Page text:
Acceptance Begins At Home

TW: contains mild references to SH

As regular readers of my blog will know, I’ve recently stopped involving my parents in the particulars of my illness and have embarked upon a lone struggle.  I try as much as possible to maintain a certain poise around my family.  I make sure they see me up, showered and dressed through the day.  I keep the house clean and tidy while everyone else is out at work.  I join the family at the dinner table each evening.  All very basic stuff, but the best I can do at the moment and enough to have me feeling run-down and exhausted most of the time.  Meanwhile, I attend appointments alone, keep track of my own meds and use Twitter to vent when I need to.

However, living with my parents, it is inevitable that these two worlds will collide from time to time.  Friday past is a perfect example of that.  Perhaps due to the scenario described above, my SH has been particularly bad of late…I need to release pent up emotion somehow, right?  Having had a particularly arduous double appointment with my GP and practice nurse, which even saw me become uncharacteristically emotional amongst people who seemed to care so much, I returned home to be ambushed at the door by my Dad.  To cut a long story short, he asked (in a particularly accusatory manner) where I’d been. It was a rhetorical question and it was clear we were about to address the long-term elephant in the room.

To be clear, I don’t want this post to be an attempt to turn you all against my Dad.  I fully understand that his main concern is my safety and that he only wants me well again, but here are some of the things he pointed out/accused me of:

Making a ‘choice’ to live my life like this.

Not trying hard enough to help myself.

He acknowledged that professionals might seem compassionate and sympathetic, but only because they are paid to be so. He thinks they are all secretly fed up with me and probably talking about me behind my back.

He said that just because I have a MH condition, I don’t need to SH.  This implies that I use my illness as an excuse to SH, right?

Finally, he said all the standard things about me being lucky enough to have a loving family, how there are people much worse off (starving African children etc.)…

I realise this is known as the ‘cruel to be kind’ approach and he was merely attempting to ‘shock’ me into recovery.  But, my God, has he done the opposite.  My parents and I have had numerous joint sessions with members of the CMHT.  They have been fully educated around my illness, SH, treatments, what helps, what doesn’t.  They have been told that, when I already feel vulnerable, the most helpful thing is for them to show me some compassion.   Whether that be for them to help me dress wounds, take me to A&E if necessary or just give me a hug.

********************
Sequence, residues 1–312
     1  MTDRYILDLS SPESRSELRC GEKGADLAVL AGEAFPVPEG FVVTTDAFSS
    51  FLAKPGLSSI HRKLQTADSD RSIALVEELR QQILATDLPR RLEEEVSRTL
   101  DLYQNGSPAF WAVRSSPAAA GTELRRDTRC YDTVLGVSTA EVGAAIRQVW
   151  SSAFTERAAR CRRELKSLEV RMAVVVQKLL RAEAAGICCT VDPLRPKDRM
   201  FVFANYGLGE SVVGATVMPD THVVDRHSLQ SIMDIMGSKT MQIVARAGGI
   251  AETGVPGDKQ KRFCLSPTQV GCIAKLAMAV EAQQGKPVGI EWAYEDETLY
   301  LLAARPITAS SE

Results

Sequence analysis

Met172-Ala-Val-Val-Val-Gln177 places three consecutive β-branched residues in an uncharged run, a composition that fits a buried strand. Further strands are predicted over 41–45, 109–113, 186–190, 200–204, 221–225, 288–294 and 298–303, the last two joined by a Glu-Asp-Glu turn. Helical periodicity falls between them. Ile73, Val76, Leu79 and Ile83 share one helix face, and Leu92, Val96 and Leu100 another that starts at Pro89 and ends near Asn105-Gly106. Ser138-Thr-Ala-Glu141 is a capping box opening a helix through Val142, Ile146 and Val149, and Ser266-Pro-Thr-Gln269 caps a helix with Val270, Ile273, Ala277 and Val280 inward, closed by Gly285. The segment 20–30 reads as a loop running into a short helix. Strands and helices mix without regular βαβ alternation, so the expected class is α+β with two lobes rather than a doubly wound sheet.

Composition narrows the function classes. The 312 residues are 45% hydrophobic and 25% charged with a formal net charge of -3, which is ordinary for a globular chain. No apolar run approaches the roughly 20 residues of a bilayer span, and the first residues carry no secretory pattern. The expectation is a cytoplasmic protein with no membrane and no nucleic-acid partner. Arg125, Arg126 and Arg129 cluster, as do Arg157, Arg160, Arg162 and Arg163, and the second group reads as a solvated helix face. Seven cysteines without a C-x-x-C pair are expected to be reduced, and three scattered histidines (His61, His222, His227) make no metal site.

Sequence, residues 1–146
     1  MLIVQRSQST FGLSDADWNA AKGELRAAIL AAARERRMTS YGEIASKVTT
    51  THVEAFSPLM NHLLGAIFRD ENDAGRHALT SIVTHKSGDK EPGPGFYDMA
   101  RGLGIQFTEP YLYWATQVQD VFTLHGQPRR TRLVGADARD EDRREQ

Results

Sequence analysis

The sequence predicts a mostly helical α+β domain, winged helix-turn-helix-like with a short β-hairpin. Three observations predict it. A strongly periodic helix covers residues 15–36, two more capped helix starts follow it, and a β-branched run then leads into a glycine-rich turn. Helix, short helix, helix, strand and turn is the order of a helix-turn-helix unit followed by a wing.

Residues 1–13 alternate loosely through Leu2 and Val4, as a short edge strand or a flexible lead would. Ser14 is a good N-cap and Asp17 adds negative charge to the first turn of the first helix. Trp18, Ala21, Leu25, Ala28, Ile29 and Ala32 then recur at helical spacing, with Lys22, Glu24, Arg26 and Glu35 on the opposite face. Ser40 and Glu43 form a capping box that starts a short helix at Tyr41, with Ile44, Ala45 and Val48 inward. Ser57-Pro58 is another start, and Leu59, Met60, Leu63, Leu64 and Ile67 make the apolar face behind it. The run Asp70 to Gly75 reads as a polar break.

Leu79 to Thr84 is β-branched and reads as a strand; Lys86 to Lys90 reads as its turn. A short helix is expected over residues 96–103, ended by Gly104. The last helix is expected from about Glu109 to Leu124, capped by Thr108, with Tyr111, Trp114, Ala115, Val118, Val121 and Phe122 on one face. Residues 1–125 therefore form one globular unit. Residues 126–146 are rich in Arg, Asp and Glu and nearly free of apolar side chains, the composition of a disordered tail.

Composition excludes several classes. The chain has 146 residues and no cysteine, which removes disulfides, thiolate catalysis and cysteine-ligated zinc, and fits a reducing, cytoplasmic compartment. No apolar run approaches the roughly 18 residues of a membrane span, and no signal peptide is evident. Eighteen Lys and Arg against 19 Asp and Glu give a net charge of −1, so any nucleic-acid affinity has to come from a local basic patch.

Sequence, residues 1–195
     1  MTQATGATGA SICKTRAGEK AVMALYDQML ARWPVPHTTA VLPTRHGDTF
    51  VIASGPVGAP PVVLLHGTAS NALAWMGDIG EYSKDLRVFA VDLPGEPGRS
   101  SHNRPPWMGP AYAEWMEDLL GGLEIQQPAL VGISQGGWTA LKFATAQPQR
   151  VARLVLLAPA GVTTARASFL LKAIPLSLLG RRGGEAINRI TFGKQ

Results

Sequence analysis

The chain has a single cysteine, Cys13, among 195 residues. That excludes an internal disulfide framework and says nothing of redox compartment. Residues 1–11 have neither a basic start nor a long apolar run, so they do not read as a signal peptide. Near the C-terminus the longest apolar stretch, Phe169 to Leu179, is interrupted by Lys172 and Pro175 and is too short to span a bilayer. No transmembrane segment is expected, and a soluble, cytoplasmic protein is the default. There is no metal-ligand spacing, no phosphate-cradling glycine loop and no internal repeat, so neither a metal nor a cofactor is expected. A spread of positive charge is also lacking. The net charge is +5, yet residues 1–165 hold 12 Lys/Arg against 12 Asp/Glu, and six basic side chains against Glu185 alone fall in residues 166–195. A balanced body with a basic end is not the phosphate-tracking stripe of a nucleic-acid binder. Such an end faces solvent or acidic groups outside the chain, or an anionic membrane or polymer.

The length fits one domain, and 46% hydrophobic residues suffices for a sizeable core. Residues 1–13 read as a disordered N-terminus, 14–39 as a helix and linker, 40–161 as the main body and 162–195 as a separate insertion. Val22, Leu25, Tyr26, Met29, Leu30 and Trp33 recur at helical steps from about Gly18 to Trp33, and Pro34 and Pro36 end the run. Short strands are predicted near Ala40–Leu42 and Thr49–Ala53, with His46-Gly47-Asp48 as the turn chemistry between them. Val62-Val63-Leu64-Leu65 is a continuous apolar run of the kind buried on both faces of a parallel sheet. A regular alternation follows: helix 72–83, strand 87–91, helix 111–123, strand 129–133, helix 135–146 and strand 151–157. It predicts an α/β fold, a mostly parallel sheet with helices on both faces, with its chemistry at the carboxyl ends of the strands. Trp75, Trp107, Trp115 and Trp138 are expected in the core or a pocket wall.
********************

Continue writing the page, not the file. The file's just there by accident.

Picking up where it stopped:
The point I’m trying to make is that here is someone who has lived with me and my illness for years, and who has been given plenty of help around understanding MH and its symptoms, but who still discriminates, believes I am choosing this horrendous existence, thinks I should be able to give myself a shake.  If our loved ones make us feel stigmatised, ostracised, like someone existing only to cause pain to ourselves and those around us…what chance do we have on a National level?


2 thoughts on “Acceptance Begins At Home

  1. Yep. Some people don’t get it because they don’t have it. It must be amazing to feel so ‘well’, for mental illness to sound so alien, and to be so certain of one’s opinions. I’d love to know what that feels like.

    Regardless of the other aspects of your relationship with your dad – this would be a deal breaker for me. I’d be able to keep a respectful distance and continue to be a loving child, but the relationship would be too toxic to be in close proximity to it during recovery.

    Liked by 1 person

  2. Thanks for taking the time to comment. I have pretty much resigned myself to what you’ve suggested. As long as I have ‘someone’ who understands and can validate my feelings, I don’t need to go looking for help from close family.


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